Glendale city officials this week embarked on an expedition to bring art and culture to the streets of a revitalizing downtown, but they see their mission as fraught with pitfalls.
In the first of two scheduled study sessions, City Council members met Monday with more than 20 art experts, design consultants and developers in an effort to define public art and its role in boosting the morale of a community.
While they learned that public art can take many forms--from historic statues of Leningrad to whimsical manhole covers in Seattle--their concern is with the shape of art in the eye of the beholder.
Don't Get Carried Away
"We don't want to get carried away and decide we're going to teach the poor slobs in Glendale what art is all about," warned Mayor Jerold F. Milner, who said he is concerned that any public art advisory board might be prone "to impose our own will" on what is considered art.
"No matter what we do, we are going to have a lot of controversy," Milner added, referring to problems that frequently crop up in matters of personal taste in the arts, music and other cultural pursuits.
Councilwoman Ginger Bremberg said her definition of art in traditional, conservative Glendale "may be what we're comfortable with." She said controversy over artwork could lead to "knock-down and drag-out fights and probably lose friends for life."
In their preliminary study session Monday, council members agreed that they need to know more about how municipal arts policies go wrong.
Glendale has never had an arts policy, but cities that do often find them the target of severe criticism, council members said. Councilman Carl Raggio said he wants to hear "the horror stories" experienced by other cities. Milner asked: "Where did people go wrong, and how can we avoid that?"
They expect to answer some of the questions at a second study session Monday at 2:30 p.m. in the city manager's conference room at City Hall.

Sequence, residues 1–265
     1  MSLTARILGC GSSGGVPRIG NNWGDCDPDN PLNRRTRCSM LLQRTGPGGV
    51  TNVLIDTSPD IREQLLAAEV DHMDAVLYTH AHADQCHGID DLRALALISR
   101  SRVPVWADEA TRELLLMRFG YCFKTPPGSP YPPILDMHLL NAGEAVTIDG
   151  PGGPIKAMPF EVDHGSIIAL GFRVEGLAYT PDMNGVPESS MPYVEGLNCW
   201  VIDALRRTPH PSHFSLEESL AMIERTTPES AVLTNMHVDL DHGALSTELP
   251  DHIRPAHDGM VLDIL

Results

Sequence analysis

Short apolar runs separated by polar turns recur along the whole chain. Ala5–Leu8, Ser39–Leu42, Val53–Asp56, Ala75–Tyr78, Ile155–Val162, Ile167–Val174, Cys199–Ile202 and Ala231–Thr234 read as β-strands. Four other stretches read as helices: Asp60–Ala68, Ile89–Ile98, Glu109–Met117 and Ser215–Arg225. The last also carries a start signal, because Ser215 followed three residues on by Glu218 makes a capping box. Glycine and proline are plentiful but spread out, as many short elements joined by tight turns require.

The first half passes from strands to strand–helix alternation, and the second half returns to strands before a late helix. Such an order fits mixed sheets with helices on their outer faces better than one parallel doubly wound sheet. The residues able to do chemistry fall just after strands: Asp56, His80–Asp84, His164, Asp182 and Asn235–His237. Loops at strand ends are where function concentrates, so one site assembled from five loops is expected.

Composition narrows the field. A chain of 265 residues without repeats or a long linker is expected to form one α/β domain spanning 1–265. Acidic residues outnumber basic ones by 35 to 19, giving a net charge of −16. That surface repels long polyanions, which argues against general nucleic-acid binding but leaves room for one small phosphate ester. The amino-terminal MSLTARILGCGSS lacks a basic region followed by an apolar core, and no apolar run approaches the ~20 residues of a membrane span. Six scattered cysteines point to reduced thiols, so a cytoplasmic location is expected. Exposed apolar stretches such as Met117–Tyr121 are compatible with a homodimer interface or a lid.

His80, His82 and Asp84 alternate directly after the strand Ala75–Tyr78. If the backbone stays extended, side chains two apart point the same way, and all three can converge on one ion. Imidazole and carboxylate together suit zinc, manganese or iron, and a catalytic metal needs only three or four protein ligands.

Glendale City Council members and Redevelopment Agency officials have long talked about adopting an arts policy as part of the downtown revitalization. But this is the first year that funds have been set aside--$100,000 this year and for each of the next four years--in the city budget for such a program, City Manager David Ramsay said.
A keen interest in art and cultural development of the downtown has emerged with the apparent success of the downtown redevelopment zone formed in 1972, said Frank Fuller, the city's design consultant with ELS Design Group of Berkeley.
Much development has taken place in the last five to seven years, "a pace faster than the agency would like," Fuller said, and the city can afford to be choosier about the amenities it accepts and demands in new projects. "Development is now happening with a different level of quality," he said.
No Shoe Boxes
For example, proposed development on the key northwest block of Broadway and Brand Boulevard has emerged from the shoe box-like twin towers planned by an earlier developer to an elaborate design by Homart Development Co. of Chicago for a large public plaza with a water fountain sculpture and public art shows.
"There has been a real void in exhibitions in Glendale," said Jullian Coldiron, a Pasadena curator who has been putting on shows for 18 months at the new Allstate building at 801 N. Brand Blvd., north of the Ventura Freeway.
She said the exhibitions--the first ongoing art show in Glendale--have "stimulated people, even if they saw something they didn't like." Allstate is opening a show today of sculptures, mixed-media and paintings, to run through Nov. 30.
"You need something that brings a kind of liveliness to the inner city," said Mickey Gustin of the Los Angeles Community Redevelopment Agency, who called the pedestrian-oriented ambience being developed on Maryland Avenue between Broadway and Wilson Avenue "absolutely wonderful."
The Maryland improvements, featuring brick and concrete-block paving and walkways, are the most expensive undertaken in the city. The development will feature water fountains, ornamental street lights and other architectural art forms.
Gustin said public art "is anything that brings a kind of liveliness to the inner city."